Mobile cameras used to fight crime



Posted on August 15, 2009 at 4:38 PM

Updated Monday, Oct 19 at 6:34 PM

HOUSTON - The Greater Sharpstown Management District has put up four mobile camera units at what officials call hotspots for crime.

The cameras are being used in southwest Houston
June 24, 2009

The cameras are located at 9889 Harwin, 7614 Clarewood, 10211 Club Creek Drive and 9600 Bellaire. Each unit will be up for two months while officials determine if they work.

The 9600 Bellaire location is considered the Chinatown Wall Street. There are 17 banks near the area, close to Beltway 8 West. It's convenient for business owners and crooks says Sgt. Connie Rico who is with the Precinct 5 Constable's office.

"Their customers are getting followed immediately after they leaving the bank, they have large amount of money," said Sgt. Rico.

She said that customers were being followed to their shops and homes and getting robbed. This is the reason that the banking area became a surveillance camera test location.

The video is both recorded and streamed to a Web site 24 hours a day. A client can check the cameras at any time too.

Each mobile unit costs about $1,500 a month.

The trial period is being funded by the Greater Sharpstown Management District.

Executive Director Bill Calderon says the equipment is better than standard security cameras, which often give grainy images.

"(It's) high resolution. They can hone in on faces, apparel labels and license plate numbers. (It's) very, very high tech," said Calderon.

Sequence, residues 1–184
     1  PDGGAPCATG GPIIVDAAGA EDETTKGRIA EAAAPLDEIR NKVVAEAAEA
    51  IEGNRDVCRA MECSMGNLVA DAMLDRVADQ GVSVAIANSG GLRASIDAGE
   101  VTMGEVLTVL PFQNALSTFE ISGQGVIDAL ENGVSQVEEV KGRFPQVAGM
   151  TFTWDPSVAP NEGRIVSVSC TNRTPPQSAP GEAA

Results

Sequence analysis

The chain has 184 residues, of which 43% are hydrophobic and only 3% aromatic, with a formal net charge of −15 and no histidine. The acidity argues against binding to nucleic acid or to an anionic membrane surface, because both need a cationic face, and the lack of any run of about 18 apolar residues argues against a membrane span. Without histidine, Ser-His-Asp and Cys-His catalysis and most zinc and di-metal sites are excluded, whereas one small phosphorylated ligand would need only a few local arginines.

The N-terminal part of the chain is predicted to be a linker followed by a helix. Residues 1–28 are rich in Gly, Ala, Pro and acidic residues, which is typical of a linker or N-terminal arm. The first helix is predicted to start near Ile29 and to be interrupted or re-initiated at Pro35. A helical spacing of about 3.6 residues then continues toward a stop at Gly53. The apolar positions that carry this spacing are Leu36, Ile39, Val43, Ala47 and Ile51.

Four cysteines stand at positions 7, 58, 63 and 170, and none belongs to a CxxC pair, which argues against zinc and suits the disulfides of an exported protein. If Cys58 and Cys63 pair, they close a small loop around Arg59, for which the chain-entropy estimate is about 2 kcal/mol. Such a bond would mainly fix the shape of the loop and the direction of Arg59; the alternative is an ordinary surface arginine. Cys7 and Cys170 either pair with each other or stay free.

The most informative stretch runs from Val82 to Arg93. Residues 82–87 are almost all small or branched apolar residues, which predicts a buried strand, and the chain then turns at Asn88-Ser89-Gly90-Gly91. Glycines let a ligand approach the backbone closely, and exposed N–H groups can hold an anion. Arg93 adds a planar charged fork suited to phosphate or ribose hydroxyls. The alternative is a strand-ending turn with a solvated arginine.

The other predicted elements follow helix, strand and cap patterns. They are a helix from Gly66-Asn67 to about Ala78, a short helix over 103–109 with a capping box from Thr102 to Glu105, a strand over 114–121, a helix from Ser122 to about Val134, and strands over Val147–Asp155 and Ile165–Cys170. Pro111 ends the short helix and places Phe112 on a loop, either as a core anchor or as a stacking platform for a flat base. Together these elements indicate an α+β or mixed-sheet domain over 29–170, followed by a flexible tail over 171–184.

Has this helped to solve crimes in the Greater Sharpstown area? Well, Calderon says the cameras are actually preventing crime.

"All the issues they had with people casing the parking lot, breaking into cars, taking people's possessions, went from several days to zero," he said.

Calderon said that he is looking to grants or banks and other businesses eventually to purchase mobile cameras or lease it long term.

The cameras have also helped shops and families next to La Chona, a nightclub on Club Creek at Bellaire. HPD had been targeting the location for a while.

In addition to often typical nightclub problems, there were reports of human trafficking, prostitution and drug dealing.

After the monitors came in, the club's customers got camera shy and stopped coming.

Abid Metawala is a clerk at the American Meat Market, one of the businesses neighboring the cantina. "Some people, they look at camera and they don't stay here anymore," said Metawala.

Shortly afterwards, La Chona surrendered its liquor license and closed.